For the Stokes Nature Center and Wild About Utah, this is Andrea Liberatore.


Images: Courtesy &
Copyright 2009 Andrea Liberatore
Courtesy NASA JPL, climate.nasa.gov
Courtesy US Fish and Wildlife Service,
Text:     Andrea Liberatore,
Stokes Nature Center in Logan Canyon.
For Information On Tagging:

The Monarch Program: https://www.monarchprogram.org

To tag butterflies found in Cache Valley, please contact Monarch Program volunteer Ron Hellstern at 435-245-9186. Please note that captive caterpillars or chrysalises are easiest to tag, as capturing adults can harm their wings.

Growing milkweed:

Monarch Watch, Propagation (Growing Milkweeds). https://www.monarchwatch.org/milkweed/prop.htm


Additional Reading:

Pyle, Robert Michael. 1981. National Audubon Society: Field Guide to Butterflies, North America. Alfred A. Knopf: New York.

Monarch Watch: Monarch Life Cycle. https://monarchwatch.org/biology/cycle1.htm

National Geographic: Monarch Butterfly (Danaus plexippus). https://animals.nationalgeographic.com/animals/bugs/monarch-butterfly/

NRCS Partners with Farmers, Ranchers to Aid Monarch Butterflies, Posted by Jason Weller, Chief, Natural Resources Conservation Service, on November 12, 2015, USDA Blog, https://blogs.usda.gov/2015/11/12/nrcs-partners-with-farmers-ranchers-to-aid-monarch-butterflies/

NRCS Working Lands for Monarch Butterflies, https://arcg.is/0TjueO

Spring’s Earliest Butterflies

Mourning cloak butterfly courtesy and copyright 2010 Don Rolfs
Mourning cloak butterfly (pinned)
Photo by Don Rolfs 2010

Utah’s earliest solar collectors are smaller than a credit card; their carbon footprints are likewise tiny. They convert the sun’s energy to heat, not electricity, and they self multiply. I am referring to butterflies, particularly those that can be found flying on sunny days of late winter while our snow still lingers.

Our earliest butterflies transformed to adults last fall and have spent the winter wedged in nooks and crannies, such as cracks in deadwood or under flaps of bark. The butterflies’ names are generally more colorful than their appearance: red admirals, painted ladies, mourning cloaks, tortoise shells, commas and question marks. Their wing edges are scalloped and irregular, the topsides patterned or banded in tawny browns and muted oranges sometimes edged with yellow or red. Beneath, they tend to be camouflaged with patterns in shades of brown like a moldering leaf.

Satyr Anglewing butterfly
Photo © Jim Cane 2010

Being insects, butterflies generate little metabolic heat, so for warmth they quite literally turn to the sun on chilly spring days. Watch where they land and you will see them with their wings folded over their backs, their stance and tilt perfectly aligning their wings perpendicular to the sun’s rays. The sunshine that they intercept warms their bodies and enables them to fly even when the air is cold. Butterflies of early spring often fuel their flights with the sugars of tree sap where it leaks from a bark injury.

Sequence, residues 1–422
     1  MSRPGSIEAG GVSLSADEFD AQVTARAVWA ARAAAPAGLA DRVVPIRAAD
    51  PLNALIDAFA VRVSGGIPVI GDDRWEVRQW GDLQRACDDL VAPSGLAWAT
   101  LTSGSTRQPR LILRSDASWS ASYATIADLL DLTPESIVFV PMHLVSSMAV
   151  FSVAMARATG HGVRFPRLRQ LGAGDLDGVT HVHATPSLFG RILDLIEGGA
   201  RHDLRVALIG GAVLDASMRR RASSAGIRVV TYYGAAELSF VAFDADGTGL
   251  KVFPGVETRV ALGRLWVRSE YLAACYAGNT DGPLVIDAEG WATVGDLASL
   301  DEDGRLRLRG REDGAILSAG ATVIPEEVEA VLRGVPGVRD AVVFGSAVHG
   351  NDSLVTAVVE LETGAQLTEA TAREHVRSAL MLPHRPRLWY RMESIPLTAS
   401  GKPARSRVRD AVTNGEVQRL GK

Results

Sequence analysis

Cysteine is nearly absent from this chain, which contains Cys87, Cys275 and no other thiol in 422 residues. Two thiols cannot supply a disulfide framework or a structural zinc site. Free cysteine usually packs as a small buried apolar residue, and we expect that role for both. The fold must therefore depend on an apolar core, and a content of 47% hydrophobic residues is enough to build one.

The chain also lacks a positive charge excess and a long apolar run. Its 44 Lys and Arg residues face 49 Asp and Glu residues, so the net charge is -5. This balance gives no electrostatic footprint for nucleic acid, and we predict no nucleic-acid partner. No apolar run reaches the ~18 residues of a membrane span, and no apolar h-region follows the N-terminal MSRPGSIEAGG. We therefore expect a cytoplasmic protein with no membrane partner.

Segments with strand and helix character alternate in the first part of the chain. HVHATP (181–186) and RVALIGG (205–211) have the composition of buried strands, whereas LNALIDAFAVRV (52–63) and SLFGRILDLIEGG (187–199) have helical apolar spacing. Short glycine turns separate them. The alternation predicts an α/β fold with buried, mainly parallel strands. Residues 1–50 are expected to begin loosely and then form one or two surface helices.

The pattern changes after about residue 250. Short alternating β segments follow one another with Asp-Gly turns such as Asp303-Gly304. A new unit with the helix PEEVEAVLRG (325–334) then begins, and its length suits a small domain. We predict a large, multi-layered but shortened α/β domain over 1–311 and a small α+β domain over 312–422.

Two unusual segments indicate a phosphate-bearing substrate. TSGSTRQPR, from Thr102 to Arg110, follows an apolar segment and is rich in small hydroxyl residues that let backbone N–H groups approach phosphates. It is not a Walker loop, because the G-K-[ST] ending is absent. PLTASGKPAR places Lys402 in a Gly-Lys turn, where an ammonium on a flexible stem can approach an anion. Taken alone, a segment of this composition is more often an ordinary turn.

The mourning cloak butterfly is particularly recognizable, it’s rich brown wings edged with gold like gilt paint.

Red Admiral Butterfly
Thomas G. Barnes
US FWS Digital Library

If you see a mourning cloak flying among willows, watch carefully, for the females will be laying their tiny eggs singly on the tips of young emerging willow leaves. Like our migratory birds, the appearance of these early butterflies are living harbingers of the spring to come, a welcome sight indeed.

This is Linda Kervin for Bridgerland Audubon Society.


Pictures: Don Rolfs
Jim Cane, Bridgerland Audubon Society

Painted Lady Butterfly
Thomas G. Barnes
US FWS Digital Library

Thomas G. Barnes, US FWS
Text: Jim Cane, Bridgerland Audubon Society

Additional Reading:

The National Audubon Society Field Guide to North American Butterflies, Robert Michael Pyle, National Audubon Society, https://www.amazon.com/National-Audubon-Society-American-Butterflies/dp/0394519140

Peterson First Guide to Butterflies and Moths, Paul A. Opler, Roger Tory Peterson, and Amy Bartlett Wright, Houghton Mifflin Harcourt, https://www.amazon.com/Peterson-First-Guide-Butterflies-Moths/dp/0395906652

Butterflies on Utah Bug Club web site, Utah Lepidopterists’ Society, https://www.utahbugclub.org/finding-utah-butterflies.php

Butterflies of Utah, Butterflies and Moths of North America, https://www.butterfliesandmoths.org/map?ds=45&_dcs=1

Question Mark Butterfly
Thomas G. Barnes
US FWS Digital Library

Painted Lady

Red Admiral

Mourning Cloak

Grey Comma

Milbert’s Tortoiseshell